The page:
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1 December 1991 Thermal strain measurements of solder joints in electronic packaging using moiré interferometry
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Thermal strains are the major cause of low cycle fatigue failures of solder interconnections in an electronic package. The strains are created by a coefficient of thermal expansion (CTE) mismatch that occurs between two levels of packaging. As the package approaches smaller dimensions, the measurements of strain concentrations in the solder interconnection become very difficult. In this paper, Moiré interferometry technique was applied to evaluate the thermal strains in the second level interconnections for both conventional pin-in-hole (PIH) packages and surface mount components. The coefficient of thermal expansion of each component was measured. The thermal strains distributions in the solder interconnections (typical dimensions are 10 - 100 micrometers) were determined, and the reliability issues were discussed. The strains in solder joints of the PIH components were much higher than those of the stacked surface mount component. Even though the surface mount component had a lower inherent strength, the overall mechanical reliability was much higher since there were practically no localized strain concentrations.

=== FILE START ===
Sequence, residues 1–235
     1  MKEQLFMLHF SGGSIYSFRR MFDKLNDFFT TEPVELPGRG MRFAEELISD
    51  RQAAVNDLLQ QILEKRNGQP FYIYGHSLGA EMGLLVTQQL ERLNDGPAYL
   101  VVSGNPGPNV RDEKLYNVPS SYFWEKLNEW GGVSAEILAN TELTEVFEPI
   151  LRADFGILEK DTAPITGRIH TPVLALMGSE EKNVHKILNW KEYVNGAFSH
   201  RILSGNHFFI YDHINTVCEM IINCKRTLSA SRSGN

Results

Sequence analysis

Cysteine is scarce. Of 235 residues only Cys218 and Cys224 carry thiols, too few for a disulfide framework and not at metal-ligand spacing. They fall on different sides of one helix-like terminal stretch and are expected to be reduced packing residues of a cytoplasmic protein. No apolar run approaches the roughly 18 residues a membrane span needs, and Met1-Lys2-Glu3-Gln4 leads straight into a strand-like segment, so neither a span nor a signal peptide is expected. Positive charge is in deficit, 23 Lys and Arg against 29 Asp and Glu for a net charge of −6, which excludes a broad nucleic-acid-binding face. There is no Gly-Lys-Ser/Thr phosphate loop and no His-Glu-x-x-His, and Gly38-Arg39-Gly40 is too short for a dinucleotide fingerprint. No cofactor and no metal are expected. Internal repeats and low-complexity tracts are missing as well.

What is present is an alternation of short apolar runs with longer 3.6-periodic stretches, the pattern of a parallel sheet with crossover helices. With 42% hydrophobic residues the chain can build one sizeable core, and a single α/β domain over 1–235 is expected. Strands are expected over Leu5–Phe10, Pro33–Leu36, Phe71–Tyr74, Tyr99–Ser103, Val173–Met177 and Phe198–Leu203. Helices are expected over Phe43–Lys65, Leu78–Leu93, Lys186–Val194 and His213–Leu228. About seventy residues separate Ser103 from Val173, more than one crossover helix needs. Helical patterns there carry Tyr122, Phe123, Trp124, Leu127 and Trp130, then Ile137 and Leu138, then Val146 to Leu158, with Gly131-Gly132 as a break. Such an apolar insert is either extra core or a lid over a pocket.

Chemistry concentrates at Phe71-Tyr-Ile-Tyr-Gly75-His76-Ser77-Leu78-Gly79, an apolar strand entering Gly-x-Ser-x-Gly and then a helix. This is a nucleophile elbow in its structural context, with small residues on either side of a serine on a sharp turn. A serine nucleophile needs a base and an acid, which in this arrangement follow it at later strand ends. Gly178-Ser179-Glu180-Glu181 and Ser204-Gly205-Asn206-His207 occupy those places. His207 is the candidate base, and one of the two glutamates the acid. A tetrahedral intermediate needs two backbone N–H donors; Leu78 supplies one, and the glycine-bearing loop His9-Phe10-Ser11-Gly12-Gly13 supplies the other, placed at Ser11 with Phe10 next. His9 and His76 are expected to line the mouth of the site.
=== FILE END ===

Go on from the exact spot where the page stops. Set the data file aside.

© (1991) COPYRIGHT Society of Photo-Optical Instrumentation Engineers (SPIE). Downloading of the abstract is permitted for personal use only.
Charls G. Woychik and Yifan Guo "Thermal strain measurements of solder joints in electronic packaging using moiré interferometry", Proc. SPIE 1554, Second International Conference on Photomechanics and Speckle Metrology, (1 December 1991);

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